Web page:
Undoubtedly, all teachers enter the classroom desiring to serve their students best. The question is: what do teachers do intentionally and “on purpose” to ensure each student has “joy moments” as a regular and routine component of their daily instructional learning experience? Joy moments are occurrences that honor students’ identity and/or lived experience as they interact with their peers, the content, the teacher, or another adult member of the school community. These are moments that center “who students naturally and authentically” are in this world. Literature content reflects students’ physical, mental, and social-emotional attributes authentically with affirming messages that integrate counternarratives to existing stereotypes of student groups. Visuals within the classroom and school community celebrate positive figures known in students’ homes, communities, and extended families. Teachers intentionally include examples and activities that highlight students’ interests and strengths. Students feel seen and heard throughout the day. There are several “joy moments” when students are intrinsically motivated to smile and laugh due to a classroom connection that validates their experience—that honors their cultural traditions—that tells them they are valuable members of the school community. Bottom line, “joy moments” are those every day, non-dramatic, yet overwhelming moments that signal to students they unequivocally deserve to be in the space!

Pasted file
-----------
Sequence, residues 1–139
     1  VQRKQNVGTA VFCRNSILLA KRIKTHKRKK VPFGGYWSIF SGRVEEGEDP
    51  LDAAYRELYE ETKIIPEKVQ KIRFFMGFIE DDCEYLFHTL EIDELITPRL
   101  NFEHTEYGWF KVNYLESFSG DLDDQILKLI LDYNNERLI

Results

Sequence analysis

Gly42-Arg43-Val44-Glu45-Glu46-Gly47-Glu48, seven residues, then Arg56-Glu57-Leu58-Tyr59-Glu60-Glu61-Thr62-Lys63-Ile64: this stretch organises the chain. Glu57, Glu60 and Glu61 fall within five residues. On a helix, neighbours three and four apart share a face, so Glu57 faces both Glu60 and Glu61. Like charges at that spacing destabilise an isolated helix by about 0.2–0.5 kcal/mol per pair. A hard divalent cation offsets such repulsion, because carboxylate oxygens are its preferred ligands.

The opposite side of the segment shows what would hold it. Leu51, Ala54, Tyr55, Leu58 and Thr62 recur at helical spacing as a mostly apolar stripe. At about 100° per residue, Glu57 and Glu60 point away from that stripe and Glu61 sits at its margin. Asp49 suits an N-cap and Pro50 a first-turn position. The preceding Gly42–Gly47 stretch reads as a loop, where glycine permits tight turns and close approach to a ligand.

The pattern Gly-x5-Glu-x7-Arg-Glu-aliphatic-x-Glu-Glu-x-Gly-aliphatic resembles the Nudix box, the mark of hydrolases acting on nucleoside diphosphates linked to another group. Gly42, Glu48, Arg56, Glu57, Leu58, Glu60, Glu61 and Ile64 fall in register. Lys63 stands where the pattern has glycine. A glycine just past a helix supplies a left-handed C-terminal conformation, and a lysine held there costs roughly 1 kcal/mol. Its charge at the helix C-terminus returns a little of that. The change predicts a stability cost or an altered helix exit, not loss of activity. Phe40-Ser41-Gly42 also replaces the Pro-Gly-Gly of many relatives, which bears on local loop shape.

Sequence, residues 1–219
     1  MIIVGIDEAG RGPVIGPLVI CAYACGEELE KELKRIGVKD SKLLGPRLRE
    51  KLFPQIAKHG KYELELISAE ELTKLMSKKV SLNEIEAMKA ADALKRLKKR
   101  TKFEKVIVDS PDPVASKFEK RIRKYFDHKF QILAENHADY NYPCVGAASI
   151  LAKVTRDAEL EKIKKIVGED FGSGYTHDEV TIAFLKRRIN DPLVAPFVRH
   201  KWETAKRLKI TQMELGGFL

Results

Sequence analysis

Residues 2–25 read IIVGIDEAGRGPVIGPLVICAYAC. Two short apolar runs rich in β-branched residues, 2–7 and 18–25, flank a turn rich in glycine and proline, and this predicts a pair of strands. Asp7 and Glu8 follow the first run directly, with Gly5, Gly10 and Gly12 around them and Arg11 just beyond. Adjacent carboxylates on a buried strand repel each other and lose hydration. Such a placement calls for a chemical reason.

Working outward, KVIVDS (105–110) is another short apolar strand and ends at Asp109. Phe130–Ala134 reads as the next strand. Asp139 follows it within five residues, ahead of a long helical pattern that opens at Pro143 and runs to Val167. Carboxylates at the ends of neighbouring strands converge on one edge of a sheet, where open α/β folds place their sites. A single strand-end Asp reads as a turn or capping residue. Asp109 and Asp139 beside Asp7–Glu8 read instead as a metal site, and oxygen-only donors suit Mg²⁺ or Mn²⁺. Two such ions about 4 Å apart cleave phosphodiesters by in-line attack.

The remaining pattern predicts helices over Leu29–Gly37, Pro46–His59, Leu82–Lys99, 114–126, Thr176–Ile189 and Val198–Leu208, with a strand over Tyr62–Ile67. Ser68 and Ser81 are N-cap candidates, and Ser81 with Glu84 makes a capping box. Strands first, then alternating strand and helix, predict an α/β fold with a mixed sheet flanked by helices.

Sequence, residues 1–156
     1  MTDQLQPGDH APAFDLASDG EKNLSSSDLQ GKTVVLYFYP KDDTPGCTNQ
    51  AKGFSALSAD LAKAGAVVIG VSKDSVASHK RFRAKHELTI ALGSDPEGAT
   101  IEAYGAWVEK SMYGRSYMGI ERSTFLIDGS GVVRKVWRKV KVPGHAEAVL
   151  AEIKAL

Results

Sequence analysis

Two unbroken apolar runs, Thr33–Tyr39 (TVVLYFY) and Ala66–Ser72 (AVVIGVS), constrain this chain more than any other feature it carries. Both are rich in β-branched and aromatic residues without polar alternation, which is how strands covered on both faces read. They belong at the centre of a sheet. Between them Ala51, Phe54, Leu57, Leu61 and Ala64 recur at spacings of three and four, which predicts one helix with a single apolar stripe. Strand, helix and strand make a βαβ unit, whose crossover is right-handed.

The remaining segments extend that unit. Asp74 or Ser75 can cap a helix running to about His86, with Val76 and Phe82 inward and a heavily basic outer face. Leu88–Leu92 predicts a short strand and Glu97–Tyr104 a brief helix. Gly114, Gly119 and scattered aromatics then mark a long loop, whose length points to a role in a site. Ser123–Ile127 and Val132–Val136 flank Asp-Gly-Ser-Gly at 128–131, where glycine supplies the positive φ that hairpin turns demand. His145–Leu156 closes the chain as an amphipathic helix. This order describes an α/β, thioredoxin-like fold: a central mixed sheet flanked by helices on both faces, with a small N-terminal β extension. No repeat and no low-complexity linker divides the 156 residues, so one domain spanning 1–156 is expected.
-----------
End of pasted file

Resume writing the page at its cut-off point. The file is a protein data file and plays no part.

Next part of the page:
Teachers endeavoring to do this work should consider these four questions as they plan their daily lessons:
Question 1: How am I using my “why” to plan my daily instruction?
Why did you become an educator? What motivated you to be an influential leader in students’ lives? What was the moment you decided to be an educator? What are the ongoing moments that drive you to continue engaging in this work? Even in this moment of returning to work during a global pandemic, reconnecting to your why (big or small) is important as it should be seen in how you engage students.
Question 2: How am I remaining a student by learning more about the students I serve? How am I leaning into knowing their lives, experiences, understanding their multi-identities? How am I challenging perceptions about what I think I know about students from various backgrounds and lived experiences (racial, cultural, family demographics, and special program – special education, multi-lingual learners, free and reduced meals, 504 plans)?
As an educator during this dynamic time in American history, maintaining a current understanding of the curriculum, best social-emotional learning practices, and child development literature is an absolute given. However, there is also a need to be a “forever student” of your students. What this means is that every student is a distinct individual; every student’s experience is uniquely their experience. Cultural knowledge is a living body of work. Understanding these mores is essential to being a “forever student of your students.”
Question 3: How do I understand national, local, and school-based data trends? Does the data in my classroom align with these data trends? Why or why not? What am I doing differently? How am I integrating student voice with the national, local, and school-based data trends to personalize instruction and lay the foundation for multiple “joy moment” experiences?